The Healing Project is a grassroots social justice and collective healing initiative and research collective. Our approach is rooted in Black and decolonial feminist theories and utilizes the core principles of Healing Justice and Radical Healing frameworks and that of Critical Participatory Action Research (CPAR); "No research on us without us" (Fine & Torre, 2021).
Historically, Blackwomen's voices have been largely excluded and/or erased from dominant discourses centered on their experiences, performance of identity and womanhood, and their health and well-being. Likewise, Blackwomen have been traditionally seen as nonhuman, unfeeling subjects who possess inordinate physical and psychological strength; having a unique capacity to endure blow after blow. We seek to redress these dangerous myths and injustices through the art of storytelling, witnessing and testifying, and public memory work (remembering).
We understand that the long, deep work of healing justice requires collective action and that liberation for Blackwomen requires us to "fight the world", together (CRC, 1977) and that a holistic approach must transcend disciplinary boundaries for inquiry. We want to destabilize stock stories and traditional/dominant narratives of resilience and create counter-spaces to tell authentic stories from the perspective of those most oppressed and impacted by raced and gendered experiences.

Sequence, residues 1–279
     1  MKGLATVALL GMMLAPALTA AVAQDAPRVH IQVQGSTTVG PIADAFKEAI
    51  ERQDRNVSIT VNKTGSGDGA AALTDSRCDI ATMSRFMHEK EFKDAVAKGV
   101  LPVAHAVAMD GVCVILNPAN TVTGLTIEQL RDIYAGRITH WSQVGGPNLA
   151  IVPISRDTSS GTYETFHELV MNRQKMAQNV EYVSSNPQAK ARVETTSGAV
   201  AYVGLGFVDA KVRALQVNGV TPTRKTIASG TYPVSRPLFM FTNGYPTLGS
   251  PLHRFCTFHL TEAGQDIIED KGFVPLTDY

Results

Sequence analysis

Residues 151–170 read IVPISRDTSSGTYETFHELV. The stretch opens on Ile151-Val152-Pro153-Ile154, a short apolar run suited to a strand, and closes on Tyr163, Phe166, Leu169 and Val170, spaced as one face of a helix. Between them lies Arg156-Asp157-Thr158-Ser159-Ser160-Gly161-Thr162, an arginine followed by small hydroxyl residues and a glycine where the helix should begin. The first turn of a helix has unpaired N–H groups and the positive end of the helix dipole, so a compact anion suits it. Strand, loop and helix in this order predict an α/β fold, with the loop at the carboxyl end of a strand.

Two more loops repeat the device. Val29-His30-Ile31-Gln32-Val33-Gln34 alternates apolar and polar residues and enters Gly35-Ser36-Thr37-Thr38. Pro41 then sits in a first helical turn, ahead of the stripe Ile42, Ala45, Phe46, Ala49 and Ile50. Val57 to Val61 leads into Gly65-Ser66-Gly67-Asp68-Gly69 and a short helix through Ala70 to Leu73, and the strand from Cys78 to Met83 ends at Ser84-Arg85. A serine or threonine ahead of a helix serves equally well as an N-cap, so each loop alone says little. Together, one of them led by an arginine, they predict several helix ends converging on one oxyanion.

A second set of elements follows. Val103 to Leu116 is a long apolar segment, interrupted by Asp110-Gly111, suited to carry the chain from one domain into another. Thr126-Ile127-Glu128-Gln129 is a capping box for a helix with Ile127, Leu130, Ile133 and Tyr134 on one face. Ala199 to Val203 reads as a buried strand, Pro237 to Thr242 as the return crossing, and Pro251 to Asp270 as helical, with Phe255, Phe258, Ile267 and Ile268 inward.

Our goals are to:
justice/joy/healing is an interdependent politic and praxis that can only exist in tandem and that is necessary for the deep work of liberation. our praxis adapts aspects of Radical Healing (French et al., 2020) and Endarkened Storywork (Toliver, 2022) frameworks.
for many of us Blackwoman, the mind/body/spirit have been indoctrinated to chronically endure. we've been conditioned to hold our breath, wrinkle our foreheads, tighten our shoulders, curl our toes, pull inward and remain on guard, at all times. thus, our healing has required the work of (re)membering and (re)learning how to not drown in the ocean and how to breathe while swimming — practices that are grounded in Black feminist theory and epistemology. for many Blackwoman, healing and resistance are codependent, and THP praxis involves collective healing through the arts while practicing presence. presence referring to the radical act of being as conceptualized by Audre Lorde. we engage with communities of Blackwomen in public memory work through storytelling and testimony.
We are building an intergenerational research collective comprised of differently situated folks with shared imaginations toward social justice and collective healing. Our collective will include researchers across many disciplines, students, activists, artists, and Blackwomen across a number of communities.